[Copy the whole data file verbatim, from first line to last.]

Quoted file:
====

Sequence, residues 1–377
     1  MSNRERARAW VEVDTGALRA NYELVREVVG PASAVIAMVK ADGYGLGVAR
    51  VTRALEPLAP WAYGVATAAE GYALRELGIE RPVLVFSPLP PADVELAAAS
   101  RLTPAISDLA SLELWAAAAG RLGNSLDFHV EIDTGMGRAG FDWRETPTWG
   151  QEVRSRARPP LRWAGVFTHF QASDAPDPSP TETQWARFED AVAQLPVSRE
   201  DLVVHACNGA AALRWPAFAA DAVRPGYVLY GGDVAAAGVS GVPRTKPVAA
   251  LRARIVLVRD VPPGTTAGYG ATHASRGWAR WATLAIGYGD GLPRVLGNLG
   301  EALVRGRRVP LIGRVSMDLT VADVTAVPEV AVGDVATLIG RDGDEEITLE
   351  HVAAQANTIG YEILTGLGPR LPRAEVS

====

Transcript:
Sequence, residues 1–377
     1  MSNRERARAW VEVDTGALRA NYELVREVVG PASAVIAMVK ADGYGLGVAR
    51  VTRALEPLAP WAYGVATAAE GYALRELGIE RPVLVFSPLP PADVELAAAS
   101  RLTPAISDLA SLELWAAAAG RLGNSLDFHV EIDTGMGRAG FDWRETPTWG
   151  QEVRSRARPP LRWAGVFTHF QASDAPDPSP TETQWARFED AVAQLPVSRE
   201  DLVVHACNGA AALRWPAFAA DAVRPGYVLY GGDVAAAGVS GVPRTKPVAA
   251  LRARIVLVRD VPPGTTAGYG ATHASRGWAR WATLAIGYGD GLPRVLGNLG
   301  EALVRGRRVP LIGRVSMDLT VADVTAVPEV AVGDVATLIG RDGDEEITLE
   351  HVAAQANTIG YEILTGLGPR LPRAEVS